• Compromising: better than nothing 1974: the beginning of a long negotiation where CHM became limited to the seabed and its resources 1982: UN Convention on the Law of the Sea (UNCLOS) is agreed 1994: UNCLOS is ratified
  • Still a very fragmented approach to jurisdiction despite the irrefutable unity of oceans as ecological systems Deep sea minerals: UNCLOS - ISA Fishing: RFMO – FAO Biodiversity and habitats (EBSAs): CBD Shipping and pollution: IMO Land-based pollution and debris: (UNEP) Waste disposal: London Dumping Convention Scientific research: Voluntary code of conduct Cable & pipelines: unregulated Bioprospecting: unregulated .........
  • MPA MPA PA Wetlands
  • MOREOVER….. Universality far from being achieved, UNCLOS: 166 countries (big absent: USA…) UN Fish Stocks Agreement: 81 only… Non compliance by ratifying countries themselves Territorial waters boundary Non respect of deep/fragile ecosystems (deep trawling) Illegal Unreported Unregulated (IUU) fishing To be adapted to new problems and issues Conservation of high seas living resources (fisheries subsidies) Bioprospecting (no existing rules in the high seas) Climate change and ocean acidification Drug smuggling, piracy, etc.
  • Since 2010: countries’ re-appropriation move Requests of continental shelf extension (350 nm) + 24 million km² (EEZ+34%) Why ? 0il and mineral resources: 87% within EEZs Fishing resources: 90% within EEZs above the continental shelf
  • INCREASED GLOBAL FISH PRODUCTION • Source: FAO State of the World Fisheries and Aquaculture 2012 Catch per unit effort Catches composition Under-estimated
  • INCREASING RATE OF DEPLETION 52% Fully exploited 20% Underexploited or moderately exploited 19% Overexploited 8% Depleted Source: FAO, State of the World Fisheries and Aquaculture 2012 * 1% recovering from depletion INCREASING RATE OF DEPLETION
  • GLOBAL POPULATION GROWTH & FOOD SECURITY •In 2012 global population is estimated at 7 billion •In 2012, fish accounted for between 30 percent to 50 percent of the animal protein consumed worldwide •By 2025, global population is expected to grow to 8.5 billion • Global seafood demand by 2025 would grow by a further 37 percent to meet the food security needs of world • Where would the fish come from? From Martin Tsamenyi, 2013 Global population growth and food security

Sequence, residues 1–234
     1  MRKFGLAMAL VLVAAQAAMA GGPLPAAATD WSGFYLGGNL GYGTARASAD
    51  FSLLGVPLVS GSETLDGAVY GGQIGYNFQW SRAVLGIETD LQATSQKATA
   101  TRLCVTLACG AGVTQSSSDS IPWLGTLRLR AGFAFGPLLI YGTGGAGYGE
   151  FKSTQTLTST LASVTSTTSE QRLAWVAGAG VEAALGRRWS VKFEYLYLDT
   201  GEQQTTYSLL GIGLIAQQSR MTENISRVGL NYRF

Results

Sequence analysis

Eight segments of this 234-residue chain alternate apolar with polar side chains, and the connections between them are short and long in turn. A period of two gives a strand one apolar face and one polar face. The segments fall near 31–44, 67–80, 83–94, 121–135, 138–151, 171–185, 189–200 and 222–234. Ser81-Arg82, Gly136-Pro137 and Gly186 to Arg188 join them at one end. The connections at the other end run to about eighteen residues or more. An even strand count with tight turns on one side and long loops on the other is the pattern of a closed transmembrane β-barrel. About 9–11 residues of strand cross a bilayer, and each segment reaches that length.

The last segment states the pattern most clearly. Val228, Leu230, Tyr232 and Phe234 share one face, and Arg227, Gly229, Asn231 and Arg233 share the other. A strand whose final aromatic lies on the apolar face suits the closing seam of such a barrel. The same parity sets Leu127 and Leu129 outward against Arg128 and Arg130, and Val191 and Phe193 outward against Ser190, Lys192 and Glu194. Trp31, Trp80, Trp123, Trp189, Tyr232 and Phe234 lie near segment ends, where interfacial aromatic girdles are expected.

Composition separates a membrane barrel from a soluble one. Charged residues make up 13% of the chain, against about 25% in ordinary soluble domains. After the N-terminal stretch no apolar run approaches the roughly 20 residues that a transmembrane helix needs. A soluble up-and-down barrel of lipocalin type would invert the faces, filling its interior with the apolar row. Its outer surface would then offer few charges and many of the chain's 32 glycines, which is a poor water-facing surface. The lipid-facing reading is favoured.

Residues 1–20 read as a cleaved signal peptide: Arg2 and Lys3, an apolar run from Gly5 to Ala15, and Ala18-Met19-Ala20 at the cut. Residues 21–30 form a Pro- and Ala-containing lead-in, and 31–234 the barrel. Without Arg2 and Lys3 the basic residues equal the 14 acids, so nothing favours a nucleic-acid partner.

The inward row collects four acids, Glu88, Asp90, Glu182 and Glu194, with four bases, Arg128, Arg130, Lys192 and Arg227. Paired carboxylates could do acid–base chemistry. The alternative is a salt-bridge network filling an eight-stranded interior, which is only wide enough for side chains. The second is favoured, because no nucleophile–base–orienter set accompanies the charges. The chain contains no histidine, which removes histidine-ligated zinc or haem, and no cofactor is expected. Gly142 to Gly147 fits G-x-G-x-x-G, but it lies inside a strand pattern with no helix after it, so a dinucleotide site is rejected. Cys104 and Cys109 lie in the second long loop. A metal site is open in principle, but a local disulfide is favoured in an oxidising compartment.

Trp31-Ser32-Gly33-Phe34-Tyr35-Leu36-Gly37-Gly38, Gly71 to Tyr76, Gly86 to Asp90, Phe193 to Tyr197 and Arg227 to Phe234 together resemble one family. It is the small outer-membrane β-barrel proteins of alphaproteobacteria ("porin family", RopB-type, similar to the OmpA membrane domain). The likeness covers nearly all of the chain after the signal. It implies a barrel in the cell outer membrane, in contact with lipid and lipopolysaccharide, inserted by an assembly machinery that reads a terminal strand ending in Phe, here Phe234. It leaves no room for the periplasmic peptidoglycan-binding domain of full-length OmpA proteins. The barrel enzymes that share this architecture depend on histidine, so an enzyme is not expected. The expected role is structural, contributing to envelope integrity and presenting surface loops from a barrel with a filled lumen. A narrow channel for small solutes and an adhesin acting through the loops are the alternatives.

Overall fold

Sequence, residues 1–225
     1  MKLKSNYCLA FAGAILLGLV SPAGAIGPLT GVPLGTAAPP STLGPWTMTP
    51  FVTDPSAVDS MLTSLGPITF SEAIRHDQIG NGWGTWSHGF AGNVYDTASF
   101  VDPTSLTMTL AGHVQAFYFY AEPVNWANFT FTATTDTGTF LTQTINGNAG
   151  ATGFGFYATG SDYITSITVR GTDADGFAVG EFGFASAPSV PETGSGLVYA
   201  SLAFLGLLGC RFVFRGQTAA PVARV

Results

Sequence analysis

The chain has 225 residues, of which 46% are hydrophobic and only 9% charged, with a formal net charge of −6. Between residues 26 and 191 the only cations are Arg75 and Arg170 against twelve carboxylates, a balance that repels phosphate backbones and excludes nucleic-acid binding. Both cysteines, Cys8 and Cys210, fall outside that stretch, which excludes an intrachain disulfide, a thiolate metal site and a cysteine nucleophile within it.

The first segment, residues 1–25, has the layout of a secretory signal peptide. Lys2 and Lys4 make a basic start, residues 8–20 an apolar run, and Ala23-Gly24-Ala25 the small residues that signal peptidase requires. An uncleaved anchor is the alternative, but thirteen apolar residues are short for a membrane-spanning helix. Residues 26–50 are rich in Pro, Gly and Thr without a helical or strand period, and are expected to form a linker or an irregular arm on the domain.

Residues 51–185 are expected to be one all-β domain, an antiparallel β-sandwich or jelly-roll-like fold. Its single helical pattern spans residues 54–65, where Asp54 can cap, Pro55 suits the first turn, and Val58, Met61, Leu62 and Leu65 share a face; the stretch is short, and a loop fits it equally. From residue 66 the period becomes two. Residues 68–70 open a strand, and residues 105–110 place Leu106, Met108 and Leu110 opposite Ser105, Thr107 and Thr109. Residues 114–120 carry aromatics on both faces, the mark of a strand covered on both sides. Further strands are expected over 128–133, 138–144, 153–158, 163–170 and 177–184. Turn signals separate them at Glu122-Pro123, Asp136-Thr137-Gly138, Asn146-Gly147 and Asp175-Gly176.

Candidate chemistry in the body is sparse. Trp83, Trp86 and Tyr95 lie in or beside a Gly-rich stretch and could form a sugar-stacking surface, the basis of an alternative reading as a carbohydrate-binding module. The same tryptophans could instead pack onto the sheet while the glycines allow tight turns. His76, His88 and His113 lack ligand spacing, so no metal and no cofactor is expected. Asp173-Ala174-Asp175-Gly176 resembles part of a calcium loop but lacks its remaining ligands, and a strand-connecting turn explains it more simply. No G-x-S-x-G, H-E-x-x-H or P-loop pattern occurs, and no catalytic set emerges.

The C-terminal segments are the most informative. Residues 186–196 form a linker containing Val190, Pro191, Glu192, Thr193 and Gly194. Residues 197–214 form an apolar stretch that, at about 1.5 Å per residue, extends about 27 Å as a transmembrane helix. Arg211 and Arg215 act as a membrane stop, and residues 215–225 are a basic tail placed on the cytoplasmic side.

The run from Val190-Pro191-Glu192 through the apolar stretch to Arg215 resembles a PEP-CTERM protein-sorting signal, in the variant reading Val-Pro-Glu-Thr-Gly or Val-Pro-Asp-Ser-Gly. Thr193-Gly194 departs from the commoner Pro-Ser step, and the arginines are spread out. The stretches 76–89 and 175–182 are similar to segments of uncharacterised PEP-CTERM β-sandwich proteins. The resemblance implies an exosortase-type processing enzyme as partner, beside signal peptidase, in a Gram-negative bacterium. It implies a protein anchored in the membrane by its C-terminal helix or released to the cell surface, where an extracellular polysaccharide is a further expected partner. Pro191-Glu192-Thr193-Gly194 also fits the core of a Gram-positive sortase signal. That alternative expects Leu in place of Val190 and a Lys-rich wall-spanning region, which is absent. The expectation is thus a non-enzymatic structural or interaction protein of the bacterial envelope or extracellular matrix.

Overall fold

• REGIONAL FISHERIES ORGANIZATIONS REGIONAL FISHERIES ORGANISATIONS
  • DEAD END ? OR A COMPREHENSIVE REFORM OF THE LAW OF THE SEA ? Which vision ?
  • Some first steps towards the vision • How can we care about something we don’t know ? Global monitoring system for the oceans The UN ‘Regular process’ : too limited to a few experts IPCC-like system is needed: international, consensus-oriented, multi- stakeholder process for knowledge-based foundation for action and guidelines for future stewardship of the oceans • Short-term profit vs. long-term development Valuing the ecosystem services to be incorporated into decision-making processes • Time for Oceans Sustainable Development Goals • The strengthening of regional ocean governance Regional Conventions, RFMOs, Biodiversity: Regional Sea Strategies
  • FISHERIES ? Close the High Seas to Fishing ! To meet the UNCLOS equity, economic, and conservation objectives provided that: -gains (which would quickly superate losses) from a HS closure are attributable to fish spillover into EEZs, thus although not fishing in the HS, the freedom to fish resources from the HS is maintained -a portion of the gains from closing HS could be used to support its enforcement Outcomes: -Coordination mechanism across EEZs -Reduction of the overall exploitation rates -Protecting a sufficient range of the stock to allow rebuilding
  • We live in an interconnected system FROM WATERSHEDS TO MARITIME AREAS Watershed Coastal zone Seas and oceans Integrated Water Ressources Management Integrated Coastal Management Regional Seas Management Ocean Governance Global governance Regional seas Inputs / Impacts / Coastal useLand-use / Water use Maritime strategy Ocean Policy Mitigation / Regulation Legal & Institutional framework / Stakeholders participation / Implementation / Monitoring ICM Strategy Maritime Spatial Planning Ecosystem-based management Nested governance approach Local implementation Satoyama – Community-based management – Satoumi - Co-management Integrated coastal management
  • Where State sovereignty is the rule National/Federal Ocean policy Regional/State Coastal and Marine Strategies Local/Inter-municipalities Coastal management initiatives National/Federal Ocean policy Regional/State Coastal and Marine Strategies Local/Inter-municipalities Coastal management initiatives COUNTRY X COUNTRY Y Regional sea strategy (Baltic, North-East Atlantic, Mediterranean, East Asian Seas….)
  • Common heritage of mankind’s design principles EEZ/High seas boundaries are clearly defined Rules governing uses are well matched to needs and conditions All parties can participate in modifying the rules A consensus-based monitoring system exists (state/practices) A graduated system of sanctions is used Parties have access to conflict resolution mechanisms Appropriation, provision, monitoring, enforcement, conflict resolution, and governance activities are organized in polycentric forms
  • System thinking -------- Nexus thinking Thinking in terms of relationships connectedness context Taking the world as it is and seeking ways to build on possibilities and dynamics already present « Hartwell Paper » (2010) about UNFCCC
  • THANK YOU!